Life with Theo at home was hard, but the difficulties were punctuated by the hurt and disappointment of having a experience that fell short of what I had expected. Nothing was as I had hoped it would be. I felt ill equipped to handle this little boy with all his special needs, especially when I was struggling with my own feelings of loss and disappointment.
I wanted a normal baby. I wanted a normal experience.
Instead, amongst other things, I had a newborn who would. not. stop. crying. I know, I know. You say your baby cried all the time. But I’m telling you. For 9 months, he didn’t stop crying around the clock. My feelings of detachment, that I was just taking care of someone else’s child, didn’t go away, and I began to wonder how much longer I could go on.
Then one day, I was sharing my struggles with someone, a stranger really. I told her how ill equipped I was at being a mother, and that I felt like I had been dealt a hand that I wasn’t capable of playing.
At first, I thought this person was ignoring me, because it appeared like she was texting on her phone. Suddenly, she looked up.
“Do you know what Theodore means?”
I didn’t. My husband had suggested the name and I immediately liked it.
“It mean ‘Gift of God’. You’ve been given this baby, he is your gift, and you are fully capable to be his mom. You are exactly what Theo needs. You are enough.”
Those words, as simple as they may sound, changed everything for me.
Theo has outgrown a lot of his initial struggles, but sometimes it seems like new struggles are always there waiting for us to replace the ones he has outgrown. But I know that is not unique to my parenting situation. Being a parent is hard. And if we are honest, sometimes it just plain sucks. It can be thankless, exhausting, and discouraging. But what life with Theo has taught me is that all of these emotions are exaggerated when I hold my reality up to my expectations. When I compare my “this is so hard,” to “the great way I thought it would be.”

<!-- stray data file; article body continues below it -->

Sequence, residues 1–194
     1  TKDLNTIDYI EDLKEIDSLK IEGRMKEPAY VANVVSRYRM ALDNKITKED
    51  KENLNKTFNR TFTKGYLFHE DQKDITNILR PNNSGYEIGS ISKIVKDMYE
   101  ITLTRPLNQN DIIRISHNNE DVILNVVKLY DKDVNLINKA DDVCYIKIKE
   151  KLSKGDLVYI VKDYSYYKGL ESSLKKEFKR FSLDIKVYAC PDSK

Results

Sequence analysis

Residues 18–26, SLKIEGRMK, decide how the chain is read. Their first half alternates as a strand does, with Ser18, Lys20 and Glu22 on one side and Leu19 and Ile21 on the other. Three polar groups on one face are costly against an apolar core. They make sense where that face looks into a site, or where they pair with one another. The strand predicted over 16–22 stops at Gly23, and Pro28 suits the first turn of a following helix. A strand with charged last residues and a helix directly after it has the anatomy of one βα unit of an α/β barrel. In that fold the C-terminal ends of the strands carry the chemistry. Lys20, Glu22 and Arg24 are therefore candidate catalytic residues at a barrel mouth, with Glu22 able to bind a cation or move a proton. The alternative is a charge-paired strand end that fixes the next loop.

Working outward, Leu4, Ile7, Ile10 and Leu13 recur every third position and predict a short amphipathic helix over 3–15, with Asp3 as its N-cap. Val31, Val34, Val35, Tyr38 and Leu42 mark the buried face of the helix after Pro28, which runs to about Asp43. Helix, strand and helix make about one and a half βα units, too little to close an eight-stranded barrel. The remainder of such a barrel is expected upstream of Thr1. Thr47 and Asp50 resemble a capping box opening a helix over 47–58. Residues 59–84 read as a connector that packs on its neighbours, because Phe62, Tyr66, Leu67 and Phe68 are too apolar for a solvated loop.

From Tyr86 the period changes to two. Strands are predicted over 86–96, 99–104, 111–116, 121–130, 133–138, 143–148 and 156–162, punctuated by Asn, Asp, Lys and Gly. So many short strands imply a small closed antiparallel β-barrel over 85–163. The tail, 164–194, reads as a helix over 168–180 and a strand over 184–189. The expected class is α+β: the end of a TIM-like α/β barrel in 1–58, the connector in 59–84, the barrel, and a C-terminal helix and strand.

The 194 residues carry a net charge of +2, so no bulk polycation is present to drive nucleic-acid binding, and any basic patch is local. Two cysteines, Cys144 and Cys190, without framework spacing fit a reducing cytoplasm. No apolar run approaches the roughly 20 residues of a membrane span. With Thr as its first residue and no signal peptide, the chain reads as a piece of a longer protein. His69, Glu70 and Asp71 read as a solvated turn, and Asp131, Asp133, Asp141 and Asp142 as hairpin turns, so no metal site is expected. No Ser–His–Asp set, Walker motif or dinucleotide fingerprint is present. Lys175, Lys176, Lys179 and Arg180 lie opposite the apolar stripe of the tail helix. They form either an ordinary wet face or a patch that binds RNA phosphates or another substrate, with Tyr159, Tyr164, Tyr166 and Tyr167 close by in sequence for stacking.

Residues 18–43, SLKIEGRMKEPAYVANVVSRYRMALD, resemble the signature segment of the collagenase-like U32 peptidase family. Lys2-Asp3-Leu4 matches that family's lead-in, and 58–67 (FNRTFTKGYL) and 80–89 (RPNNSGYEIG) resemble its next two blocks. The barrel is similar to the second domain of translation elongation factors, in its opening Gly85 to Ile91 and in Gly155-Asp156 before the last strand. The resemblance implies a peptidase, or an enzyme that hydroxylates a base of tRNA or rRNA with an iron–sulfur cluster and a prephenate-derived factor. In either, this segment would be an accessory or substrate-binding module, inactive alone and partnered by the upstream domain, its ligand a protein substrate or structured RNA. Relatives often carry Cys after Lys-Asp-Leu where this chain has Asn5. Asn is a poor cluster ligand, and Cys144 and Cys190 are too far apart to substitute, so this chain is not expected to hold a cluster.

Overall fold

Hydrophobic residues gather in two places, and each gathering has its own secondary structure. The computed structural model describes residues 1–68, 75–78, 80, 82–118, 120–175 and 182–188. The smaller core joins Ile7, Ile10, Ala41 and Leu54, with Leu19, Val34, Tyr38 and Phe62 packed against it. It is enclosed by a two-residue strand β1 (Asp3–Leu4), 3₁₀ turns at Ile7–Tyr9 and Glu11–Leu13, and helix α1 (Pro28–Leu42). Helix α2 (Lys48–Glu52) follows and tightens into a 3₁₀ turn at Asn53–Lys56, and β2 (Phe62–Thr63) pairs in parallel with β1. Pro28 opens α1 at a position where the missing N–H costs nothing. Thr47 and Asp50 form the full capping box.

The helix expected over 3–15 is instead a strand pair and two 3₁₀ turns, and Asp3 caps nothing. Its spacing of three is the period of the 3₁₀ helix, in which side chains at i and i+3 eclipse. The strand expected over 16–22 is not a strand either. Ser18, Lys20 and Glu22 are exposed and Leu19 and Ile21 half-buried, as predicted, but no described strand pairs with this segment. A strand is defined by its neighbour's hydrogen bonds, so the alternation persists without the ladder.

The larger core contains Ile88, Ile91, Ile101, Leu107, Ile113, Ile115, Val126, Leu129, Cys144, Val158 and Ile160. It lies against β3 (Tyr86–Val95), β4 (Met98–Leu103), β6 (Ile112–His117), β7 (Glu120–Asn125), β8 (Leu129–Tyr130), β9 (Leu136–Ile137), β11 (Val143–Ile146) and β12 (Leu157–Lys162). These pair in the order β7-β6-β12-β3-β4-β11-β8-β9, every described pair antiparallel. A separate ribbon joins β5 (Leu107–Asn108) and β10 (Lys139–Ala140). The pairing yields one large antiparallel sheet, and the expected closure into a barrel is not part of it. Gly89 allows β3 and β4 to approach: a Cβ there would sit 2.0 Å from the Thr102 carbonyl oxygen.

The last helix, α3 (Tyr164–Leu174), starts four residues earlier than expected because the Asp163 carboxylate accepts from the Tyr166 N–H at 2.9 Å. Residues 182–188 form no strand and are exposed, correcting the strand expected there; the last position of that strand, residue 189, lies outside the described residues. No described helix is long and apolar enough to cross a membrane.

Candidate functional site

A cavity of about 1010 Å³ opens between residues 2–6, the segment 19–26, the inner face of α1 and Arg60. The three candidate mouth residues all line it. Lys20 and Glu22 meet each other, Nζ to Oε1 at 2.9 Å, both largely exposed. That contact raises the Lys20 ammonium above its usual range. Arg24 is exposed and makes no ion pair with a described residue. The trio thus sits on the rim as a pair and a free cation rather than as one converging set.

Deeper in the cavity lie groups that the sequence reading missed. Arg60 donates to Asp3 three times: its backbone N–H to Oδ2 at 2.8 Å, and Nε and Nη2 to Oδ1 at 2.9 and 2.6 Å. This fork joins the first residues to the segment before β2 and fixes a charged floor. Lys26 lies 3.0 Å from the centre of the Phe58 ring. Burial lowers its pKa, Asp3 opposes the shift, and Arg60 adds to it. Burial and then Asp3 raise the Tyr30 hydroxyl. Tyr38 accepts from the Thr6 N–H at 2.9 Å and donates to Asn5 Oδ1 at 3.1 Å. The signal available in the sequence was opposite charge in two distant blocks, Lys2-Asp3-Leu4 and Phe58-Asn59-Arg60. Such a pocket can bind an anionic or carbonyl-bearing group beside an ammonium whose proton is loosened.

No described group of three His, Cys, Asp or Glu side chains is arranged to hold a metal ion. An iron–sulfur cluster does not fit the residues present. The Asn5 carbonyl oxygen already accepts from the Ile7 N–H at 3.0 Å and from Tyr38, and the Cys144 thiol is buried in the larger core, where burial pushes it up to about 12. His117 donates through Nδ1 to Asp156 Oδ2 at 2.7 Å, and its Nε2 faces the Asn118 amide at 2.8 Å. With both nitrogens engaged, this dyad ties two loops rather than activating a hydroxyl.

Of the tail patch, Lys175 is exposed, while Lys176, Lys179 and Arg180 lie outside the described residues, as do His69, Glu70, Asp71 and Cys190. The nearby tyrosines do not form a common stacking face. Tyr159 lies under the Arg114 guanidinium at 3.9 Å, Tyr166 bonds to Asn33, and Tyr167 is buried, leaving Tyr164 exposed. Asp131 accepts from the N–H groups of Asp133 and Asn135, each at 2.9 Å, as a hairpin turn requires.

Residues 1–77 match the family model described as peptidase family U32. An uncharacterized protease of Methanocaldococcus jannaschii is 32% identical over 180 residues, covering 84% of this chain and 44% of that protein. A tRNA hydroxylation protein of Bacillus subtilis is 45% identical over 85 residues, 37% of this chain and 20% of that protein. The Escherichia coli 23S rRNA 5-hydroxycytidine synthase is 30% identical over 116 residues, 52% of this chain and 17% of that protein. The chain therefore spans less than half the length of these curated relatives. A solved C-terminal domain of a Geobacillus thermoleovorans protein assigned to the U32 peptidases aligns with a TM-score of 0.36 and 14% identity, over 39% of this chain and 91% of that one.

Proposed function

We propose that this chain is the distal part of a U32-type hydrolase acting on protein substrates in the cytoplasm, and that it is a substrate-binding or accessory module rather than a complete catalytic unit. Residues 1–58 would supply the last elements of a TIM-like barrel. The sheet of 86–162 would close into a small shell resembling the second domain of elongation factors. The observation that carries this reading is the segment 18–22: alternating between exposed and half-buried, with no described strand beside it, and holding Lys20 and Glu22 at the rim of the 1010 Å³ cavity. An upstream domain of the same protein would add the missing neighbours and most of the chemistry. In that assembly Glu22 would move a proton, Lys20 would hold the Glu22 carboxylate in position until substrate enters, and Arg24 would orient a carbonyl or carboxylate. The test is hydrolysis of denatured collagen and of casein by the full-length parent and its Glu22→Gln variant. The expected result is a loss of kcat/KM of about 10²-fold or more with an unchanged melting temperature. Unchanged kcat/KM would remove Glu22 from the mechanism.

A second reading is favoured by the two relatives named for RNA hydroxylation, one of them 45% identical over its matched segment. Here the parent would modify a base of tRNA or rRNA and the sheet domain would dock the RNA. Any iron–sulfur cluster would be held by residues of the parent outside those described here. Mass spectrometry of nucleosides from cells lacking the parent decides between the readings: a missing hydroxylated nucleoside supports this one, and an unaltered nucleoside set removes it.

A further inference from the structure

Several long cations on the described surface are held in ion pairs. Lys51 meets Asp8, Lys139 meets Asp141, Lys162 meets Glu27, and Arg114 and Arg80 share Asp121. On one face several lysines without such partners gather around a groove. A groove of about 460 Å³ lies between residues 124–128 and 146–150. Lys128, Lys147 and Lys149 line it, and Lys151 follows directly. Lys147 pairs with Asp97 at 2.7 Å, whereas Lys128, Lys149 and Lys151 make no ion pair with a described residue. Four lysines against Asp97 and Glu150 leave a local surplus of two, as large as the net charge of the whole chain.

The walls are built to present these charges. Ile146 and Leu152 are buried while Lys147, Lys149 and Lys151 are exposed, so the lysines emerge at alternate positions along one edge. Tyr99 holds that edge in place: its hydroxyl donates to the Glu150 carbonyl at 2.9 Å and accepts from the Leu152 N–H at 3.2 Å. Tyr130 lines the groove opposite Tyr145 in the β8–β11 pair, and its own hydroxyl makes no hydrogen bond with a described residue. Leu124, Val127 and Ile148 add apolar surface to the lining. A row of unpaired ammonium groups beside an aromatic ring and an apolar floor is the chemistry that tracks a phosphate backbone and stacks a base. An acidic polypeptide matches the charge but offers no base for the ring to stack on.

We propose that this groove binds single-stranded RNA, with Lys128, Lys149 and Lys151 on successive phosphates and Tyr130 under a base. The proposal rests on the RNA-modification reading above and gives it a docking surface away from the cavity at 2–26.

But, when I’m able to forget my expectations of motherhood, being a parent, and even who I think Theo should be, I mean really just chuck those expectations out the window, then I am left with the breathing room to just enjoy my little gift. It doesn’t make the hard things less hard, or the frustrating things less frustrating, but it puts it in a perspective that is both realistic, and manageable. What’s more, it gives me the space to just pause, and enjoy the new life that I’ve been blessed with.
Tomorrow, Theo turns three. My mind can’t fully comprehend the words my fingers just typed. Three. Those weeks in the NICU seem like ages ago, yet at the same time, the emotions and memories are so fresh. So too are the hurts, the fears, and loss that I felt. But one thing that has changed, is my perspective. I wish I could go back and tell myself that I could do this. That everything might not be “ok,” but that this was a start to something new and wonderful, and not a setback. I wish I could tell myself to let go of everything I thought I knew, to open my eyes to each new day as if opening a gift, with great anticipation, wonder, and excitement.
Happy birthday baby boy. No gift will ever top the gift you gave me when you came into my life three years ago, and made me your mom.